Friday, April 24, 2020
Transparency Issues in Long-Term Care: The Potential for Misuse of Confidentiality Policies to Hide Infection Facts from the Public
Recently I was talking with a friend in another state who is the director of an assisted living facility that largely serves older adults who have significant risks factors. I asked, "Have you had any residents or staff members that have tested positive for COVID-19?" I asked her directly, because there was no way to know the answer to that question from public websites, either in her state or on a national basis. The good news was that her facility had had no such diagnoses, either among staff or residents. I also asked what she felt was key to avoiding infections, and we talked about the rates uncovered in other facilities in her own state. She said bluntly, "We learned from our experience with influenza the last two years that we had to make real changes, and we did so before the COVID-19 was a reality and doubled down when we started hearing about the coronavirus."
Internal infections have long-been a documented problem in residential care settings, and certainly not limited to so-called "nursing homes." Contributing factors include residents who may have physical or mental conditions that make self-protection difficult and perhaps impossible. My sister and I used to struggle mightily with a family member whose dementia interfered with the simple task of hand-washing -- even though this same person was the one who taught us the importance of soap and water from the time we were small children. It is perhaps ironic to recall that as a horse-mad girl I had tried to persuade both of my parents that there should be an exception for "barn dirt," on my theory that horse-related dirt was "clean dirt." My mothers still insisted I undress on the back porch and wash thoroughly before coming in for dinner. Wise woman, one who was quick to dismiss utter nonsense.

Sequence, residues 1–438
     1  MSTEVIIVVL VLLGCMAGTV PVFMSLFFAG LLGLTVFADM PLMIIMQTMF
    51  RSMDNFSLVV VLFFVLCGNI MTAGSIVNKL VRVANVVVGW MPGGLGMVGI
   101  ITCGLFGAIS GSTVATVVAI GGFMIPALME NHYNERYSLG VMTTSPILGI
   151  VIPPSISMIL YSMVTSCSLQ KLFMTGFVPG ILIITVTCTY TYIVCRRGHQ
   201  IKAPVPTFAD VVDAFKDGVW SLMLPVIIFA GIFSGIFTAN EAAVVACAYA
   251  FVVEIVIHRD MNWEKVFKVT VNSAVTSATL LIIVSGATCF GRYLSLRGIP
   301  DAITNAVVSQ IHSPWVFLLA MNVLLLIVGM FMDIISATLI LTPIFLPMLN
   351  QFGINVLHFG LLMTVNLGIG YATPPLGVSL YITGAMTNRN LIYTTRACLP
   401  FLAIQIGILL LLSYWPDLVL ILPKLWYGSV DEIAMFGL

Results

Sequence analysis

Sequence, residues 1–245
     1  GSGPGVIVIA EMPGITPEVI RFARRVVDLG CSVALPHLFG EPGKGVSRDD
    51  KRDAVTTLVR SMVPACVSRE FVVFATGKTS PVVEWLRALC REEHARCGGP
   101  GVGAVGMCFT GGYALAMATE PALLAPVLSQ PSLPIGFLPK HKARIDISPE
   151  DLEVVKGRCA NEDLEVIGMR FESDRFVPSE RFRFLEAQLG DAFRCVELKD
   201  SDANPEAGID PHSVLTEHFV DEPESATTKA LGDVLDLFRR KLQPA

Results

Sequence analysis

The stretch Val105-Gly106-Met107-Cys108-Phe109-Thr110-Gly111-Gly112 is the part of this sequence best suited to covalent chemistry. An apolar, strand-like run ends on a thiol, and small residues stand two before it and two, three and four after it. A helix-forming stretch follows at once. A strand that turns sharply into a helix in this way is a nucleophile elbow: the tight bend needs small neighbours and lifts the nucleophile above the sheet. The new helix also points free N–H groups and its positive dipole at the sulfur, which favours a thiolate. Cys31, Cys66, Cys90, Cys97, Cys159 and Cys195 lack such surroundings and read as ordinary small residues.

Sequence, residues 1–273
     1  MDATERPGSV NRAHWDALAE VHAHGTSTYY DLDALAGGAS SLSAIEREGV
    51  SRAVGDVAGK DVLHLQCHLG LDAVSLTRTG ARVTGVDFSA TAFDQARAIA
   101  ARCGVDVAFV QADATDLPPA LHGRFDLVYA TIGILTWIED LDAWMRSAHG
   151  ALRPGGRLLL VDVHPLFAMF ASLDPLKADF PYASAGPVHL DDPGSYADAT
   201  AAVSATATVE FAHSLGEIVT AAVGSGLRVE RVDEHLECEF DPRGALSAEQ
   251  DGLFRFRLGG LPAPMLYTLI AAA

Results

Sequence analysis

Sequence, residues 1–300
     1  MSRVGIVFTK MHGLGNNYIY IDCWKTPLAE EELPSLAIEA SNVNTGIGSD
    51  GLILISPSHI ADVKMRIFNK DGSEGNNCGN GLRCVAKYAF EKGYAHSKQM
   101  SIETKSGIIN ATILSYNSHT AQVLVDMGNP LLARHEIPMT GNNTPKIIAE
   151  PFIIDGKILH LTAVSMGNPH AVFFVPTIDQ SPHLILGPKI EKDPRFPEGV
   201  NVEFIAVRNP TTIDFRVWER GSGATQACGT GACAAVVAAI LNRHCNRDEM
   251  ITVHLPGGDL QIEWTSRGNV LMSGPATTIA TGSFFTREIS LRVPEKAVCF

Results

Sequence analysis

Fast forward decades and every day I hear new arguments regarding why facilities that have experienced life-threatening infections should not be required to report this in a public venue. The most problematic argument is one that says an individual's infection is confidential medical information that prevents the facility from reporting statistical information, and thus an infection cannot be made public. I've seen arguments about federal or state record-keeping policies such as HIPPA privacy rules or Pennsylvania's confidentiality rules as the rationalization. I think I know what my mother would call this kind of argument.
Syracuse Law Professor Nina Kohn tackles the history of mishandled safeguards against infections in long-term care with an Op-Ed for The Hill. In "Addressing the Crisis in Long-Term Care Facilities," Professor Kohn points to specific actions at the federal level that have weakened, rather than strengthened, potential safeguards. She makes five specific recommendations, including prohibitions on staff working in more than one-long-term care facility, to reduce cross-contamination, and the need for family members and others to make it clear that we "are paying attention to what is happening." She reminds us: "Those who are health care agents for nursing home residents should not be afraid to request access to medical records, as federal law entitles them to do, if facilities are not forthcoming with information about the care being provided."